Frank Herbert's Dune
Reviewed by Galen Strickland
Posted December 19, 2000
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Comparing Frank Herbert's Dune, the mini-series, to other original productions airing on the Sci-Fi Channel it is very impressive. There are many factors that give it advantages over the David Lynch film version, especially the expanded time allowing for more plot elements and character development. It is unfortunate though that most of the acting is not on the same level. William Hurt, an Academy Award-winning actor of considerable range, gives such a lackluster performance one wonders how his Duke Leto could have inspired the fierce loyalty of his troops, and Alec Newman as Paul-Maud'Dib seems too brash and bratty in comparison to Kyle MacLachlan's more subtle portrayal. The supporting players fare much better, most notably Ian McNeice as the Baron Vladamir Harkonnen and Uwe Ochsenknecht as the Fremen sietch leader Stilgar. Julie Cox plays Princess Irulan, a character present in only one scene of the novel (but whose book excerpts highlight the beginnings of each chapter). She was given a much more prominent role here, and for the most part that was a very good decision. Not only is Ms. Cox a more-than-competent actress, her character's presence helped to illuminate several plot points ignored in the original film.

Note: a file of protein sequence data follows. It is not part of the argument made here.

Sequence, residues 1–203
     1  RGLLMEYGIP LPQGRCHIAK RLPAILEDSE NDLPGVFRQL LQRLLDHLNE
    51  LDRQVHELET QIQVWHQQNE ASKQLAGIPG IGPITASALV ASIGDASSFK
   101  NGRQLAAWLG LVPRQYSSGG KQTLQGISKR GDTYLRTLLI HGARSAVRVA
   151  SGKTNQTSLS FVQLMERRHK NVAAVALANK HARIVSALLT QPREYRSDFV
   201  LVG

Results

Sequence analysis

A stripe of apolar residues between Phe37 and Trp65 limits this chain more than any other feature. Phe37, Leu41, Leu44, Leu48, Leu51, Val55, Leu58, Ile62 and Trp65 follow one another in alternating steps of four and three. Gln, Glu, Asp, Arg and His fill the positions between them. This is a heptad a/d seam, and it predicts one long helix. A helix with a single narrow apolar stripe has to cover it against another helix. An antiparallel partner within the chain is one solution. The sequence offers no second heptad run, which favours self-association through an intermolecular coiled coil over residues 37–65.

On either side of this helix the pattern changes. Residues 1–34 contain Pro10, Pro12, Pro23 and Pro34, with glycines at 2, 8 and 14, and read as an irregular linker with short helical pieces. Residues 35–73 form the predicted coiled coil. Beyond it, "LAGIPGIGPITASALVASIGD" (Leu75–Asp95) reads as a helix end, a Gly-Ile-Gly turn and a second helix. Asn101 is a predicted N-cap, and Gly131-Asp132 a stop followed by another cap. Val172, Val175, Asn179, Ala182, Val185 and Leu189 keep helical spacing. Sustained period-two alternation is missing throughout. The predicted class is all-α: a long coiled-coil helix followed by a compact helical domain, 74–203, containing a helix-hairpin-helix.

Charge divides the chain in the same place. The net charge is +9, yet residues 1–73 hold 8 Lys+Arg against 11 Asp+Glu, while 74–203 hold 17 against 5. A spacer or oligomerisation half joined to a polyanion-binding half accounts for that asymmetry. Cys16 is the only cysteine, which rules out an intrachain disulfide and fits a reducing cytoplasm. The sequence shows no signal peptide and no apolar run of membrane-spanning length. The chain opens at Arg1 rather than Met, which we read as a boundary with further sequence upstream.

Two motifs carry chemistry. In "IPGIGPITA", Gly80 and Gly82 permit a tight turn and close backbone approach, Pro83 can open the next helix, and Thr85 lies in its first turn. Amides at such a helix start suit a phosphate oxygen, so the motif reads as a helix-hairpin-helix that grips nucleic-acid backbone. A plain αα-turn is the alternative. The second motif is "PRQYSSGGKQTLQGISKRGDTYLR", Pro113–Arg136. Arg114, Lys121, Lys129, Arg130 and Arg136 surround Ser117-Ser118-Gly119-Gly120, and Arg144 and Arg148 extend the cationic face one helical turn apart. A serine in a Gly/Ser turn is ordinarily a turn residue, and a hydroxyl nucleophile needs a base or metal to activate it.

The sets and costumes are quite a bit different than in the film, and while it was a good decision not to mimic that earlier production I do prefer the look of the Lynch version, with the exception of the ornithopter design. I am sure the budget was lower than for the film, even allowing for the difference of 1984's dollar value, and for the most part it shows. CGI effects cannot compete (yet) with the more detailed sets, matte paintings, and model work of the film. The three parts of the mini-series adhered fairly closely to the three separate books of the novel. Although almost all of the major elements of the story-line were included I did notice some distinct alterations. Some of the dialogue was delivered by the wrong character and certain things were presented out of chronological order. Still, this is better than if they had not been included at all, which was the main failing of the film. The Sci-Fi Channel reports that this series garnered their highest ratings ever, which is not surprising considering the level of promotion afforded the program. Previews were even featured at movie theatres across the country in the weeks preceding its airing.
I have also written a short review on the David Lynch film version of this story.
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